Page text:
The bank of Tanzania in its latest economic review says that travel receipts rose by 11.0 per cent to $2.23 billion in December, as a result of increase in number of tourist arrivals.
Previously it was projected that tourist arrivals would decrease as the government in its 2016/2017 budget began to charge an 18 per cent valued added tax (VAT) on many previously exempt tourist services, including ground transportation, park fees, water safaris, guiding fees, camping fees and wildlife-viewing packages.
According to SafariBookings.com, an online marketplace for African safari tours that includes over 1,750 operators, the new tax has “caused chaos in the safari industry, forcing tour operators to charge clients up to 18 per cent extra for safaris that had already been paid.”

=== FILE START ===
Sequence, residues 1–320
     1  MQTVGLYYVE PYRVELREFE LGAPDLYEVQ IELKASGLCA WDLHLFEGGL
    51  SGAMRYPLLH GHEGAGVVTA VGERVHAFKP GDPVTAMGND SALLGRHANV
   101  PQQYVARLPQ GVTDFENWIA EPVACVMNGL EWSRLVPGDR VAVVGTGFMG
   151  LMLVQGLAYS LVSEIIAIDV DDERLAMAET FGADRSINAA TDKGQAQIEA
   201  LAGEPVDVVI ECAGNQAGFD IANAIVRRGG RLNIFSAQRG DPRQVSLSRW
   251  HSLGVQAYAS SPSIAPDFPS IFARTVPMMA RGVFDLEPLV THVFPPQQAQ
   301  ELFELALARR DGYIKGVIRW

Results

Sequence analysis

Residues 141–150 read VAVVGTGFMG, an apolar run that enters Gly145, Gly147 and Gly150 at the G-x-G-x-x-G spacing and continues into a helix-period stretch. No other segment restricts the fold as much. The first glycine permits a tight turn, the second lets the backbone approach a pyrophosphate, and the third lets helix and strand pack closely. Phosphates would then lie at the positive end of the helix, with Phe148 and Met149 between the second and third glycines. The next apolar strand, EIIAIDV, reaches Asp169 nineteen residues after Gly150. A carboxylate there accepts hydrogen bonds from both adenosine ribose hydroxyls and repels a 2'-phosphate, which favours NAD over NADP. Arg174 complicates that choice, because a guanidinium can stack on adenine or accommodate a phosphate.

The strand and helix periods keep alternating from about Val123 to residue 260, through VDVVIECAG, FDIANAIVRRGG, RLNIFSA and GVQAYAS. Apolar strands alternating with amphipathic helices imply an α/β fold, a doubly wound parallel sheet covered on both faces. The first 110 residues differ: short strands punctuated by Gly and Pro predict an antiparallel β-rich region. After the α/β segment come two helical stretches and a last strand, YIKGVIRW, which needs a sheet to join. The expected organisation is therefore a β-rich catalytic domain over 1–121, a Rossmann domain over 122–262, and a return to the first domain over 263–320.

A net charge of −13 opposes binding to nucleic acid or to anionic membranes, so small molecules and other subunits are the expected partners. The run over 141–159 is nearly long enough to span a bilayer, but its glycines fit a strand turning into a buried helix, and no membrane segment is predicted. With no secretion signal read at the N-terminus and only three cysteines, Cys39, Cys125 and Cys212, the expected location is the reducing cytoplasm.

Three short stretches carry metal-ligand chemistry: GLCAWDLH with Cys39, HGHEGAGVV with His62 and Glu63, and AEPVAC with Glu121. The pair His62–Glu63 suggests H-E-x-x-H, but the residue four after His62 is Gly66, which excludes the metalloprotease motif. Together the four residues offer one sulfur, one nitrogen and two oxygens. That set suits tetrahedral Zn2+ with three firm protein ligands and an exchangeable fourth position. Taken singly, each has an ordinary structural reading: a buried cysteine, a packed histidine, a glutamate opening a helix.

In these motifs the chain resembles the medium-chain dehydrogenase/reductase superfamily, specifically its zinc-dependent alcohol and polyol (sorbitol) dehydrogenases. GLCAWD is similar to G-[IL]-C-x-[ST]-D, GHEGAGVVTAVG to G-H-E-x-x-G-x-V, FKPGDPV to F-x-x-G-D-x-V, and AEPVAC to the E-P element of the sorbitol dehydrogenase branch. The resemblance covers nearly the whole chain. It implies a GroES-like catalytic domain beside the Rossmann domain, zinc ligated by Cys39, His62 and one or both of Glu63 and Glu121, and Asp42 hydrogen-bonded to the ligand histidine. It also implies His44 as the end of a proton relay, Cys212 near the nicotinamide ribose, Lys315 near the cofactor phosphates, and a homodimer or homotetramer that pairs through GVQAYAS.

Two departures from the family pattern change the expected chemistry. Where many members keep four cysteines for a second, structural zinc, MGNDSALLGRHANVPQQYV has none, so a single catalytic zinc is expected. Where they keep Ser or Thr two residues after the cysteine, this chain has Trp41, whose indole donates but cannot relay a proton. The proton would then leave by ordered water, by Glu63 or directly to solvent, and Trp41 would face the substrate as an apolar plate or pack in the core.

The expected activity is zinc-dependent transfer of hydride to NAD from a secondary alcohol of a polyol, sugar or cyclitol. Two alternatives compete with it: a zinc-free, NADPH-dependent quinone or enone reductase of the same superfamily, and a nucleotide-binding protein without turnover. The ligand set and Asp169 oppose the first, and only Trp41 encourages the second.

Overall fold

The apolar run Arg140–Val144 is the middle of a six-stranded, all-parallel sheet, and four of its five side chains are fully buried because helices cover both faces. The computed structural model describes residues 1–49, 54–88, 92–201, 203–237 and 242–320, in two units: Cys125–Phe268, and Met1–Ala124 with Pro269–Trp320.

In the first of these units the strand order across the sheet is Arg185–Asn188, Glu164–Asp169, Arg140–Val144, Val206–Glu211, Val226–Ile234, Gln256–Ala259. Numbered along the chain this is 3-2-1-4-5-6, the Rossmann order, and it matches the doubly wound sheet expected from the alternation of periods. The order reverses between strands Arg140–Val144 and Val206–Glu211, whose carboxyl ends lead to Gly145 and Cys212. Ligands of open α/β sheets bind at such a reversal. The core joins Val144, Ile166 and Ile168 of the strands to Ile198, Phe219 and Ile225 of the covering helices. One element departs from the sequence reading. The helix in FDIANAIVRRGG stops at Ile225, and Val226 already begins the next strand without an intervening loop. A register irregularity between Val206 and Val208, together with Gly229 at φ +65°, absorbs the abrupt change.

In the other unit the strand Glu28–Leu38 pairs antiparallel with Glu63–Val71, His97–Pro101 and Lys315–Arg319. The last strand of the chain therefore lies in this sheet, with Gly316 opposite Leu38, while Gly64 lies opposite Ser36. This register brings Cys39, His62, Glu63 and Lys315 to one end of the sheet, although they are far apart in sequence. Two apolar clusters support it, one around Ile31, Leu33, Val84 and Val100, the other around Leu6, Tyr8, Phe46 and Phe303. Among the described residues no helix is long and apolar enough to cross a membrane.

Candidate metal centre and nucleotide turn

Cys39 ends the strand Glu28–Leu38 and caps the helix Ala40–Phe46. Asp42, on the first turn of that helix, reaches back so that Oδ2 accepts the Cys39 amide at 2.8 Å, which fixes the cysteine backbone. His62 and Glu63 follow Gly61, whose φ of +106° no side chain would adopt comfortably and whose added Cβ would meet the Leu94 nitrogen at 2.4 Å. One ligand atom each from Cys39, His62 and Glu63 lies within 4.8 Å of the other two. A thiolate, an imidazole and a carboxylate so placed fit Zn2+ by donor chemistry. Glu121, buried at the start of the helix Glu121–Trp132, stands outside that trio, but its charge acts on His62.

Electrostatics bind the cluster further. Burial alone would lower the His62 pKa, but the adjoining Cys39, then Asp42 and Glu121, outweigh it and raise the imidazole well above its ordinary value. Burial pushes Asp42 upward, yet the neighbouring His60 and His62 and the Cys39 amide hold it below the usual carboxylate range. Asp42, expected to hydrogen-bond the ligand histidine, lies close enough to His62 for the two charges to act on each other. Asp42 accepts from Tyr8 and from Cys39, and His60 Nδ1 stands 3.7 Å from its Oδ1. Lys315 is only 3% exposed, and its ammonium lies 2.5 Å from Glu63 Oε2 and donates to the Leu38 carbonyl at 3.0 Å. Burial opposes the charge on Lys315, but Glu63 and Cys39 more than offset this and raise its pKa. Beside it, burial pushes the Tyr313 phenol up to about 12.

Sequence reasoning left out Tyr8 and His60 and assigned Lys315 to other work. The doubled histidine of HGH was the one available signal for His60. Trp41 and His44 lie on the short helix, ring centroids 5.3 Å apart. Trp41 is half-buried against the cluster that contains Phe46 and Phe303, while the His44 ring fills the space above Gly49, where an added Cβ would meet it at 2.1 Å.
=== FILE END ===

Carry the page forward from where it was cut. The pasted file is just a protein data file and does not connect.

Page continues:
The Tanzania Association of Tour Operators (TATO) also expressed serious concerns on the cross-cutting negative consequences of the tax measures on the tourism industry, saying the move would cut down number of tourist arrivals hence affect revenue collection.
Currently, the Hospitality Industry is stated to be paying over 50 different taxes, levies and charges.
Tanzania Tourism is the number one Foreign Exchange Earner for the country, having contributed over $2 billion in the year ending February 2015.
The industry employs one third of the country’s’ labour force (direct and indirect).
Tourism Stakeholders believe that Tanzania tourism can grow double digits between now and 2025, “if the government would only nurture this strategic industry instead of consistently wanting to stifle it in the name of revenue collection.”